The Marine Corps Marathon makes participation as comfortable as possible and watching an inconvenience; good for the Marines. In South Africa, Zola Budd has decided to run for -- and at -- her pleasure; hooray!

Let's rejoice today that in a couple of places on the planet athletes still compete for little more than competition, for what Dan Jenkins might call sport its ownself.

The Marine marathon that begins precisely at 0900 this morning offers almost nothing beyond the chance to irritate blisters for 26.2 miles. Why anyone chooses this over other forms of athletic lunacy (a six-hour round of golf, for instance) would be a livelier topic than many being debated lately.

Some 12,000 runners will take part, and the sponsors promise only that they will be looked after at all times, cared for whenever necessary, applauded as often as possible and swept off the track six hours after the start.

No money has been offered to the world's marathon men and women, those able to run 26-plus miles slightly faster than an Indy car goes 500. Hell, the gung-ho Marines are even ordering each runner to think.

"As you pass by many of our nation's monuments . . . ," the program says, "we ask you to reflect on the benefits of physical and mental fitness and the challenge and reward found in testing them."

Reflect? The Jefferson Memorial is about the 23-mile mark. Thousands will be fighting simply to keep from passing out. Sweat droplets will feel like anvils about then.

Challenge? More like survival. Whoever wrote that bit of whimsy clearly never ran much farther than the fridge. You don't reflect on the whys of running a marathon until later. Centuries later. At 23 miles, all that matters is the next step.

President Reagan and I send our best wishes, for a marathon requires more will and dedication than just about anything else in sport. In his program message, the Gipper said he and Nancy were rooting for "the most exciting race ever in the history of this fine competition."

So am I. But the three of us have the good sense not to be on hand, for watching a marathon is like listening to a stump speech in a one-pump town near midnight.

The thrill of a people parade passes quickly. Each of the 12,000 runners has an interesting, if not compelling, story. But the human mind can tolerate just so many soggy stick figures per lifetime.

No one has a deeper appreciation for distance runners than I. But only kinship, friendship or a paycheck should draw a person to a race.

The only reason 2-plus million watched the New York marathon is because it came to them. New Yorkers had only to walk a few feet to watch a race through the five boroughs.

The Marines don't do that. Their route mostly snakes through history rather than neighborhoods, which is perfectly proper. You can dash past the corner deli any day.

This means the crowds are relatively sparse -- and that Washingtonians are brighter than everybody outside the beltway believes.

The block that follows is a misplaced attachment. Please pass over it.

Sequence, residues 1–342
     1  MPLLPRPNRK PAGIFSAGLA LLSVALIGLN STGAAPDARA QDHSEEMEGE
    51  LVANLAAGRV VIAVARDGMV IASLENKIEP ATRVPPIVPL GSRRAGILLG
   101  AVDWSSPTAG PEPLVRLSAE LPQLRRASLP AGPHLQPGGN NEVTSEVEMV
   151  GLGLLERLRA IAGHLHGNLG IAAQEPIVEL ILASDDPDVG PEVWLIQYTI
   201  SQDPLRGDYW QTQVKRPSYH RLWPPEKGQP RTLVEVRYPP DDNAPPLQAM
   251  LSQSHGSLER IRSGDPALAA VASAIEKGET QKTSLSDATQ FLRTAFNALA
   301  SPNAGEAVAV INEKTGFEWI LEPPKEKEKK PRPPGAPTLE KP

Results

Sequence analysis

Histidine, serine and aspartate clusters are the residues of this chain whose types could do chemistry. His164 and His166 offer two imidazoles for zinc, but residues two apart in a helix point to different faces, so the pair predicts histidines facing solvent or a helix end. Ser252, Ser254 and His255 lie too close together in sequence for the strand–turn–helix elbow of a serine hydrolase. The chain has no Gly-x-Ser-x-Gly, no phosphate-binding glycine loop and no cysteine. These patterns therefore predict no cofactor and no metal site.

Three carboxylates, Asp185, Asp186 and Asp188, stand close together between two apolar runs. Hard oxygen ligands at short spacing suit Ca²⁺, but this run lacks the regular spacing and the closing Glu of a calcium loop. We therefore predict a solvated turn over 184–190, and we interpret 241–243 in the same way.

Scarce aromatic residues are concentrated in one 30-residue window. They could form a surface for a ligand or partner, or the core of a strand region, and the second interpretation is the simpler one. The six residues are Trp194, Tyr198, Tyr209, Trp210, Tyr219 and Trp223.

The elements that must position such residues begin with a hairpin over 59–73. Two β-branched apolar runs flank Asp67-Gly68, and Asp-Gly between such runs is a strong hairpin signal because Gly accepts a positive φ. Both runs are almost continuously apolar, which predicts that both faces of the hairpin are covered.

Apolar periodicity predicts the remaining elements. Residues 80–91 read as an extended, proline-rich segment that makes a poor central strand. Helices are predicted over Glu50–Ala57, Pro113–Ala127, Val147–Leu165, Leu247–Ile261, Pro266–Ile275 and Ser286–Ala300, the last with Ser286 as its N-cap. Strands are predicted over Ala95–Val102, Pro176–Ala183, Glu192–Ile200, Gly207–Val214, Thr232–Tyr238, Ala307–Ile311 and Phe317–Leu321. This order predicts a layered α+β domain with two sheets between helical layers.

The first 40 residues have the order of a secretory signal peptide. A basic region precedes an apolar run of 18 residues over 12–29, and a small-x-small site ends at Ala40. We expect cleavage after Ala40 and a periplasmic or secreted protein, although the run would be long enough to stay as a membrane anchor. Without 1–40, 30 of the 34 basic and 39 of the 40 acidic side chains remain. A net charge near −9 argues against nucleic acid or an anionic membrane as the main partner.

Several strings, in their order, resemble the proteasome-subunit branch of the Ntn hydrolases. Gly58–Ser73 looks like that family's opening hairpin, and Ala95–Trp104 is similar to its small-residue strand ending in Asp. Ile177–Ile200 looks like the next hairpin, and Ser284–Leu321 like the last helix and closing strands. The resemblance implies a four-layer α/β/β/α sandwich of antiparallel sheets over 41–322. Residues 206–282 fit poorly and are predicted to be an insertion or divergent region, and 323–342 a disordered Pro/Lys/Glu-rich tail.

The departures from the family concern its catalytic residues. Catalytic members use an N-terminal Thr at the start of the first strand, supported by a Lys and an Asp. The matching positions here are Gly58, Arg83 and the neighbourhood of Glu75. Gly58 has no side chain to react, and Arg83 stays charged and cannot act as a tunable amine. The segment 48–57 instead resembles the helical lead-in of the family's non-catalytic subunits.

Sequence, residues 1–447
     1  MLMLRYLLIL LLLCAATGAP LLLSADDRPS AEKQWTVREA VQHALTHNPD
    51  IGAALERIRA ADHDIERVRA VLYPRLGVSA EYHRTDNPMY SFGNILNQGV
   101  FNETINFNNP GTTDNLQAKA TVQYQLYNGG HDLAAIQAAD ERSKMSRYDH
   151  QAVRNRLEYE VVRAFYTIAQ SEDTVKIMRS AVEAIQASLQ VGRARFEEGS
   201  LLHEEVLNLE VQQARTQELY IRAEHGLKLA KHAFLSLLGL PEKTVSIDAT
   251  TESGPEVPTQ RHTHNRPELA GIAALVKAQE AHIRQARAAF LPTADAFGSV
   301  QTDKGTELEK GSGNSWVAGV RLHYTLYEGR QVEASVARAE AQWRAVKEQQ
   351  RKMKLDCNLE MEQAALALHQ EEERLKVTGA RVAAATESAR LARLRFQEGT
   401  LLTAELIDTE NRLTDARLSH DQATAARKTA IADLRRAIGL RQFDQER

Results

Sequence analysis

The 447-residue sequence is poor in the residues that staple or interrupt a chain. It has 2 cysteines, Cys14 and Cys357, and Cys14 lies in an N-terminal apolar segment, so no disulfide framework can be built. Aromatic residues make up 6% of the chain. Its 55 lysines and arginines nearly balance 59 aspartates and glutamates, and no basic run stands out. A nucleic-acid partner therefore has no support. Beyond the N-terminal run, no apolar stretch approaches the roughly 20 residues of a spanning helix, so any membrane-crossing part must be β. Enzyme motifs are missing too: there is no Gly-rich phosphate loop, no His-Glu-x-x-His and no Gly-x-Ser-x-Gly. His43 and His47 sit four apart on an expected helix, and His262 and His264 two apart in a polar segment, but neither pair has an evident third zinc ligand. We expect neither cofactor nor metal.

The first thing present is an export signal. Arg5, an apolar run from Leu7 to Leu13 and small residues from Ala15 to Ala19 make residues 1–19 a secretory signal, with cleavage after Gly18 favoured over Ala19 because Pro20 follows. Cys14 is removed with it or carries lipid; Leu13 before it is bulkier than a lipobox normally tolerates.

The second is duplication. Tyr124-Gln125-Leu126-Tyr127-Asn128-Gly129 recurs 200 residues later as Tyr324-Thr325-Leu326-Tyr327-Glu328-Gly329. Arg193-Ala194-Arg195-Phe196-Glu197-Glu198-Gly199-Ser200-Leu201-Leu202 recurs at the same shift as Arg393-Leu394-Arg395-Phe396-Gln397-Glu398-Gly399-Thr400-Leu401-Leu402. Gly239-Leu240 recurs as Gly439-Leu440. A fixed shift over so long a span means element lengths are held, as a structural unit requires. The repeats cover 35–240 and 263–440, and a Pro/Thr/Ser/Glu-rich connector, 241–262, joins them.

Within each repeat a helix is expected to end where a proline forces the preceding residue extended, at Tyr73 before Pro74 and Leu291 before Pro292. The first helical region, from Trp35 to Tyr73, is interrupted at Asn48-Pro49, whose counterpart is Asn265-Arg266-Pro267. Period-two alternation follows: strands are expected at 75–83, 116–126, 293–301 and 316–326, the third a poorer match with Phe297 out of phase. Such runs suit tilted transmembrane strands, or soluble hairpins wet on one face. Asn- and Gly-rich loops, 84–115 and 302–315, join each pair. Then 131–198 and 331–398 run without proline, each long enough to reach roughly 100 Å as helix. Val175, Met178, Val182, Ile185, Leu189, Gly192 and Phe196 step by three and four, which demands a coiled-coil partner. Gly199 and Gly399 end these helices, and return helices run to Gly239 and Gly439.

Frankly, time used watching a marathon would be better spent running. The celebration is exercise, after all, so anyone with no vested interest in the marathon needn't feel guilty for being elsewhere.

Watching, even cheering wildly as every last number comes by, isn't what the Marine marathon is about. The idea isn't to provide inspiration, for each runner already has that in abundance; it's to get inspired yourself.

During that extra mile today, consider Zola Budd. How she either has been abused or used by so many in government and sport; why she has turned away in fright at what ought to be ecstasy.

Budd seems frail as a twig, and as easily broken. She ran 5,000 meters faster than any other woman in history, although it was not recognized as a world record for the same reason she had so much trouble competing in the Olympics: South Africa's apartheid policy.

To run 3,000 meters in Los Angeles, Budd had to sneak in though a back door in England. Her being granted citizenship in 10 days created a small storm that swelled to hurricane size during the Games.

Mostly, the only peace Budd knew in the month or so prior to the Olympics was on the track. There, nobody could tug at her to endorse a pet cause or join a well-intentioned protest. Or curse her for doing whatever it took to compete against her global peers.

Just when Budd surely thought life could be no more depressing, it suddenly was. She and Mary Decker got their feet tangled in the 3,000 final; the American fell, dramatically and helplessly.

It was a no-fault accident, though prejudiced and unthinking witnesses -- Decker included -- blamed Budd. The older Decker, whose picture hung near Budd's bed at home, was the one who acted immaturely.

Many among us assumed that, once their bodies and minds were repaired, Budd and Decker would go at one another again. And again, until one clearly was superior or the rivalry would no longer sell.

Budd sold a great deal more than exclusive interviews to a British newspaper for the Olympic experience. All she gained from it was grief.

Any more international competition would be no less controversial, Budd knew, so she ducked it this week. Ran full circle, in fact, back to being ignored but also to peace.